The surface of the road was covered by the lyrebird scratchings and soon we spotted the birds themselves. First a female then a male trotted across the trail just ahead of us and ducked into the undergrowth. As hard as I tried to be prepared, I wasn’t quick enough to properly photograph them and only caught the retreating back end of the male and his magnificent tail.

Lyrebird

We watched the birds for a while as they scraped the leaf litter in the undergrowth. Soon they were joined by the Eastern whipbirds. We’ve been listening to their whistles since the start of the trail. It was nice to see the birds themselves for a change.

Eastern whipbird
Eastern whipbird

About 500 meters further the road crosses another creek, ‘Burunda Brook’ and there is a large fallen tree lying by the side of the road. I was photographing some colourful fungus on the trunk and heard some scraping sounds in the bush. It was too quiet for a lyrebird but too loud for a lizard.

I slowly made my way into the thickets and saw a couple of brownish blobs moving about on the forest floor – the logrunners. There was too much vegetation between us for me to see clearly. Surprisingly, the birds didn’t flee and allowed to me approach them quite closely. I had a good look at the male and a few glimpses of the female (in logrunners’ world, it’s the female who’s the pretty one).

Male logrunner on Lady Carrington Drive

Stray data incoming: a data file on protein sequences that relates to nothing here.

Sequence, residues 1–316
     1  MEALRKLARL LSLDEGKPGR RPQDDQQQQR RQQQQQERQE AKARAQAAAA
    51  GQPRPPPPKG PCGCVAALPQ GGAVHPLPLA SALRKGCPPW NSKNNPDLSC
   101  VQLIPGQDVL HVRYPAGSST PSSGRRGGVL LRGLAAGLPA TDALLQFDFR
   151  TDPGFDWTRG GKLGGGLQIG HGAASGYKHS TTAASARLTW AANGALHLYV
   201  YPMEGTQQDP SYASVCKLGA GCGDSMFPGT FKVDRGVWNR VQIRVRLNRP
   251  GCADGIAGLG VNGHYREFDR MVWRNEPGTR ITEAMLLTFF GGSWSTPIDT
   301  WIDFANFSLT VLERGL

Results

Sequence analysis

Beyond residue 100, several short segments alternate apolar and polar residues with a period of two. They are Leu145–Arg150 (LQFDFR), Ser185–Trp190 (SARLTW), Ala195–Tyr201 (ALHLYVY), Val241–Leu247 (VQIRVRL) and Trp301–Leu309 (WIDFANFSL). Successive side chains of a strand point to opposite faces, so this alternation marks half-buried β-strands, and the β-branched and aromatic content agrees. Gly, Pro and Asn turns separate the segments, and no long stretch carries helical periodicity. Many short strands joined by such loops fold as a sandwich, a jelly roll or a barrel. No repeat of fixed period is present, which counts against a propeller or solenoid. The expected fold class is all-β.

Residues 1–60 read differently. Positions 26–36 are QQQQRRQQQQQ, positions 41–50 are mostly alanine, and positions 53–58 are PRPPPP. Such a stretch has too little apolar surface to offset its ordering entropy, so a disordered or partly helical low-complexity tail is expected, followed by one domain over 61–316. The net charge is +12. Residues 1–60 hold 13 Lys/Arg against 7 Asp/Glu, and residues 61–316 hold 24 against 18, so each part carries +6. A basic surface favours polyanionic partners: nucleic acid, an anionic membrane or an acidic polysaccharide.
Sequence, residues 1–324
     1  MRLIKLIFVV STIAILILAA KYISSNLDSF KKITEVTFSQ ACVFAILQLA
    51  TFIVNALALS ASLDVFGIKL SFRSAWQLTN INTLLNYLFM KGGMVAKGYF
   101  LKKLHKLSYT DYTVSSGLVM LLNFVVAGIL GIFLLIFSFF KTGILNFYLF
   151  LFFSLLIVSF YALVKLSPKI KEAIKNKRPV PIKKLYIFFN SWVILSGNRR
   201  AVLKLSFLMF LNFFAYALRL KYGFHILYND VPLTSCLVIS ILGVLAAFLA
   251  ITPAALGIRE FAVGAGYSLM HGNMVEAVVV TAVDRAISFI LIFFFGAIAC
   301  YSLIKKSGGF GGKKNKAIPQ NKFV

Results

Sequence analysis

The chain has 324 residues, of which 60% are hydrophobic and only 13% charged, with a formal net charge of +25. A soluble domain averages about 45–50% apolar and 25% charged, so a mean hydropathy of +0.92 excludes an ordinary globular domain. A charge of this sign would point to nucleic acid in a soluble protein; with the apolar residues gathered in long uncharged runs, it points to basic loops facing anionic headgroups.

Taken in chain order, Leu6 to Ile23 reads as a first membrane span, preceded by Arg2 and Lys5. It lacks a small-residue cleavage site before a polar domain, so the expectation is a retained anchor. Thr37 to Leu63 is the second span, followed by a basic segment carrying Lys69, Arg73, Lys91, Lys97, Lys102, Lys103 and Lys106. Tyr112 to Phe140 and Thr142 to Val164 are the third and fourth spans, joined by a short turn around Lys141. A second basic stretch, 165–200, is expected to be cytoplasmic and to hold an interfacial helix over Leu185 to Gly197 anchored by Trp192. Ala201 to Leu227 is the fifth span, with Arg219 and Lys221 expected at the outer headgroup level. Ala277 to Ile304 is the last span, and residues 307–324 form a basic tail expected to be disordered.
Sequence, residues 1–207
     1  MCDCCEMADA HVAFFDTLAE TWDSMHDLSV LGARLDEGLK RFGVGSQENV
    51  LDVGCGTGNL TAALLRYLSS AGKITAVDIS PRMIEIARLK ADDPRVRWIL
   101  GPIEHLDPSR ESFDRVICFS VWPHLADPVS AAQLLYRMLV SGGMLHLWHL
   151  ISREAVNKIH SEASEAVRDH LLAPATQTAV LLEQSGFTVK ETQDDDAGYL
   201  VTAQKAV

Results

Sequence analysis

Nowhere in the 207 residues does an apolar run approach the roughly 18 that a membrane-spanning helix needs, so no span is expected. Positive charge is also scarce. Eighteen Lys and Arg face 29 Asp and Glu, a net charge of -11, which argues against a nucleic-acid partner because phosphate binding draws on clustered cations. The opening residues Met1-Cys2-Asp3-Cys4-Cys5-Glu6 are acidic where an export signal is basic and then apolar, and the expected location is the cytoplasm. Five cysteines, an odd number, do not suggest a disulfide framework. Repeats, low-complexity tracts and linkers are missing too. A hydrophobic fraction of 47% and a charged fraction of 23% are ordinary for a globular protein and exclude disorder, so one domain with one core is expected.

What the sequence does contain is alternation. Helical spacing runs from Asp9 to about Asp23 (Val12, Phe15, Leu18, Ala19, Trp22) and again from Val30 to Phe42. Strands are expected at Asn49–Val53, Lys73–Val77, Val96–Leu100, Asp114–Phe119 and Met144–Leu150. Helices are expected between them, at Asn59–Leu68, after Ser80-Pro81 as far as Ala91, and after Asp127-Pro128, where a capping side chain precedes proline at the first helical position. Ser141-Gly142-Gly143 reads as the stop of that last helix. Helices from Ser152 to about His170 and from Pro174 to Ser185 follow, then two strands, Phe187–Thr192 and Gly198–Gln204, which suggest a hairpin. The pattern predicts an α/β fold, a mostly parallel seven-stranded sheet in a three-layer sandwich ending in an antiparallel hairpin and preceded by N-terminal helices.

Male longrunner

I couldn’t get a clear shot of either bird but I didn’t want to go tearing after them through the bush so I let them wander off deeper into the forest thankful for a chance to see them.

From the Burunda Brook crossing the road continues for about 1 kilometre to arrive at Calala clearing.

Calala Clearing

There is a great old cedar tree growing on the edge of the clearing and Steve pointed to a small orchid clinging to one of the tree’s branches. Evidently, this is the only orchid of this species found in Royal National Park. No one has found them anywhere else in the park.

rare orchid in Royal National Park
A rare orchid – the only one of its kind in the park
Calala Clearing on Lady Carrington Drive

Most of Calala clearing is taken up by the remnants of a big old oak tree that was cut down some time ago. The stump is still standing, now covered in fungi and lichen. The branches are spread across the clearing half-buried in a layer of ferns and grass.